I have a separate /boot directory.  Maybe I don't need it with this motherboard, but some motherboards can't find the boot directory if it is beyond cylinder 1024.  I chose 200M on a whim, but I later read somewhere this was a good choice for /boot.  According to: http://linux-raid.osdl.org/index.php/Preventing_against_a_failing_disk  /boot is readable by both the  grub and lilo boot loaders when it is on an ext3 partition created from one or more Linux software RAID partitions (type FD) - but only for RAID 1.  grub or lilo just read one such FD partition directly as if it was an ordinary ext3 partition.  They don't actually run the RAID software AFAIK.

Then I have the / directory, which I chose to put on a primary partition as well, for no particular reason.

I have a separate partition for /home, which is where my email will accumulate.

/var/log gets its own partition so if things go wrong, the messages won't grow into other parts of the filing system.

I have a big partition at the end "/audio" for various things.  I wanted to keep the main partitions which matter (/ and /home mainly, but of course /boot , swap and /var also) near the outside of the disc.  Also, I think, limiting the size of each partition means that if errors appear on the drive in one location (which will cause the FD partition it is in not to be used any more by the RAID system) then this may limit the likelihood of losing important data on the partitions which matter.  I would have been happy to keep using 40G drives, but I wanted new ones and the 80G drives were the smallest I could get.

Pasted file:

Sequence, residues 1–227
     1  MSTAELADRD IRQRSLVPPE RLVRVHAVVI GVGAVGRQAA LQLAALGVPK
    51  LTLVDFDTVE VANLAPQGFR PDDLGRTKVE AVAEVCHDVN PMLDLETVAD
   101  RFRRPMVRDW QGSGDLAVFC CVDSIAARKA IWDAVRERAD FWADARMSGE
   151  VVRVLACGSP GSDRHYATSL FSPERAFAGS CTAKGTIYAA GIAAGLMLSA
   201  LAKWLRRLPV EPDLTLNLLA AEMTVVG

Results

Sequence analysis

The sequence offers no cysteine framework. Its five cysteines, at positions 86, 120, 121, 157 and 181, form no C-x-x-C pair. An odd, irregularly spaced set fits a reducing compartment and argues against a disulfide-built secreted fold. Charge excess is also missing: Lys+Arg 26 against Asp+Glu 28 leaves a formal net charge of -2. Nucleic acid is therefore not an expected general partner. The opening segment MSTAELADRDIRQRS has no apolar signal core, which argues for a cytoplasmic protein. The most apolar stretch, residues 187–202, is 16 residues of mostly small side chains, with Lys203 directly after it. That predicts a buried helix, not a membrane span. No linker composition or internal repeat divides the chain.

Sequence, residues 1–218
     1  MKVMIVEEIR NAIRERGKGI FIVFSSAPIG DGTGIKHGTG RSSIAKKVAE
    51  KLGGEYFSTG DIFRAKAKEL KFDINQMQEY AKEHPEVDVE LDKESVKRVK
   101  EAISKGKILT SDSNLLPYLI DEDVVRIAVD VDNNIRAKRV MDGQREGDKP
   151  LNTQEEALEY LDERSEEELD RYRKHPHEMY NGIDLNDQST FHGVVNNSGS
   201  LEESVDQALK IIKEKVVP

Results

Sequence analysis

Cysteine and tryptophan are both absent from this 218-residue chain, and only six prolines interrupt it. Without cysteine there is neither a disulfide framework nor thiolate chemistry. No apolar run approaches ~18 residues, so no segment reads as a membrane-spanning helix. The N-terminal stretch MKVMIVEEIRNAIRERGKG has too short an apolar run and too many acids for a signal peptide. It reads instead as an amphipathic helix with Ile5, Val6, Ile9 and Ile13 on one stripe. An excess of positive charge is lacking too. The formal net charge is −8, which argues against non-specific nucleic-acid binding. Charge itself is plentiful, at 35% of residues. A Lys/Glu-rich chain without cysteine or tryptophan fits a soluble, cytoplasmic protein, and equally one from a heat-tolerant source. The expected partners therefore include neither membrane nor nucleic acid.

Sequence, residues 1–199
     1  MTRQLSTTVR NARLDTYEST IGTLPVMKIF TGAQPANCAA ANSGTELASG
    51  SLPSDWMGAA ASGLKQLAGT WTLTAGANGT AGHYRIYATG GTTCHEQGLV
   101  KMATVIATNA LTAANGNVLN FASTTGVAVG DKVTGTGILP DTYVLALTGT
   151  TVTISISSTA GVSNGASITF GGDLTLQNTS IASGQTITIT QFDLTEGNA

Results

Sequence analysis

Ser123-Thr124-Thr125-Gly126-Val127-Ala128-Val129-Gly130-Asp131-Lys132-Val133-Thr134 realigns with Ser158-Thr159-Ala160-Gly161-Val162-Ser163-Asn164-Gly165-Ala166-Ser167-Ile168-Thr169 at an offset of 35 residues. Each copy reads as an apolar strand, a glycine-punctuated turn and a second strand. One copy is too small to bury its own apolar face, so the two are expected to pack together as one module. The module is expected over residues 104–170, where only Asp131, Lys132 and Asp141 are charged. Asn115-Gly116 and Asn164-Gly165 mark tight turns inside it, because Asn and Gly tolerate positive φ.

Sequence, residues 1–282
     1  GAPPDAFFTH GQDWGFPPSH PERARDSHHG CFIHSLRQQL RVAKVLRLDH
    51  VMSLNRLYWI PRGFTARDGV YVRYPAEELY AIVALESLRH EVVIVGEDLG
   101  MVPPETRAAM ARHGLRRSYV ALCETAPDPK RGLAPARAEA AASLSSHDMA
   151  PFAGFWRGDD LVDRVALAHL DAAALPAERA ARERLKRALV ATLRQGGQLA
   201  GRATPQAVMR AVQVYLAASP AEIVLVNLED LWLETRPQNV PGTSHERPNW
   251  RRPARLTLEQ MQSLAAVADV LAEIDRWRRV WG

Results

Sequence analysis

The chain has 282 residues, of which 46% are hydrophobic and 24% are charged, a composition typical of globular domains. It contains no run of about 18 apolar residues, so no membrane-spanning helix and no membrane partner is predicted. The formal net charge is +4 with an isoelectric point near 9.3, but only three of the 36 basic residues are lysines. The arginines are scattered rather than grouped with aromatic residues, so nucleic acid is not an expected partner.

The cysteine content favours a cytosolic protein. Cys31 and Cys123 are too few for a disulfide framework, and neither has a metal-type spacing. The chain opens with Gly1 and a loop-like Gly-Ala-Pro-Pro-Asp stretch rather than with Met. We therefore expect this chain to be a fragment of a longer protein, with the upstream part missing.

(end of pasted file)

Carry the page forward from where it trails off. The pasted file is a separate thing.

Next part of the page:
I chose a rather large swap file - 2G. This may be a bit excessive  I am only running 256M of RAM, though this may be increased later.  Guidance on swap file size is at Chapter 5 of the Deployment Guide.  However, I think various people have differing views on how best to choose the size of the swap file.

Having the swap file on a partition created by RAID 1 from two or more FD partitions on two drives means the computer can run fine if one drive fails.  

There can be 0 to 4 primary partitions 1 to 4.  There can be 1 extended partition, which is in the just beyond the highest numbered primary partition which is used directly for data, so it can be in location 1, 2, 3 or 4.  The extended partition (usually) extends all the way to the end of the drive. Within that, multiple logical partitions are created, with some limit to their numbers (but I am not sure what).